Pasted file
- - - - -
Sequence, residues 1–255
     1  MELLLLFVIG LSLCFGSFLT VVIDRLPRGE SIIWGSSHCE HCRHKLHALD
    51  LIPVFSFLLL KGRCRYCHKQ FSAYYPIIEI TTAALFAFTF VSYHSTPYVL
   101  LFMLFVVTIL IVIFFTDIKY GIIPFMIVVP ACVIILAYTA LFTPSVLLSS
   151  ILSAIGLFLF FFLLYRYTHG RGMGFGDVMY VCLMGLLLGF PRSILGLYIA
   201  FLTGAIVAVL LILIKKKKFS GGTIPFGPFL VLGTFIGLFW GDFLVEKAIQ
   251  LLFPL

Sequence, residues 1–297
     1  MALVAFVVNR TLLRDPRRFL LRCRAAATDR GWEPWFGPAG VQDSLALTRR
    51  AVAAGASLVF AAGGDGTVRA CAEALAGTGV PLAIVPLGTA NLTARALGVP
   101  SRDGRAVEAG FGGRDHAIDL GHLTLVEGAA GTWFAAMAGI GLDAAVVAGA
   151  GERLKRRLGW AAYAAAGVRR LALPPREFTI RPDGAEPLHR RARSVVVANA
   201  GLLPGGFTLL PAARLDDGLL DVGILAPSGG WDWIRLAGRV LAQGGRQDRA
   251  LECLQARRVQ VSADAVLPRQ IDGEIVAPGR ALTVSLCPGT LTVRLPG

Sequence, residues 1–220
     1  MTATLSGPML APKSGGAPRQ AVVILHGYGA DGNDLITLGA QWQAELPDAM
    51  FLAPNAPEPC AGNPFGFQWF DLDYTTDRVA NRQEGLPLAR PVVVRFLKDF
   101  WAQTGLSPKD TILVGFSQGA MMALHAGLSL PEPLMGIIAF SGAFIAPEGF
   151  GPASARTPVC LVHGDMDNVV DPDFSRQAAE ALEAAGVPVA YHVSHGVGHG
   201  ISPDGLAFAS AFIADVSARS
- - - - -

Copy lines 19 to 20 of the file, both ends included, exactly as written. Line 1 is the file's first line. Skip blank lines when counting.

   151  GPASARTPVC LVHGDMDNVV DPDFSRQAAE ALEAAGVPVA YHVSHGVGHG
   201  ISPDGLAFAS AFIADVSARS